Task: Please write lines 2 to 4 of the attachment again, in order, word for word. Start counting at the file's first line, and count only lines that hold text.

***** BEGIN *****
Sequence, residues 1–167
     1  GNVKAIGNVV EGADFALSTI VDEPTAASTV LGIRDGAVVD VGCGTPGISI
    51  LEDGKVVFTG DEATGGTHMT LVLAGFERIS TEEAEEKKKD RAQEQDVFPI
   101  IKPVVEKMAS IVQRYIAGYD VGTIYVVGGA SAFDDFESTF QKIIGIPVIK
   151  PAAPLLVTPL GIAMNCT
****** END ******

     1  GNVKAIGNVV EGADFALSTI VDEPTAASTV LGIRDGAVVD VGCGTPGISI
    51  LEDGKVVFTG DEATGGTHMT LVLAGFERIS TEEAEEKKKD RAQEQDVFPI
   101  IKPVVEKMAS IVQRYIAGYD VGTIYVVGGA SAFDDFESTF QKIIGIPVIK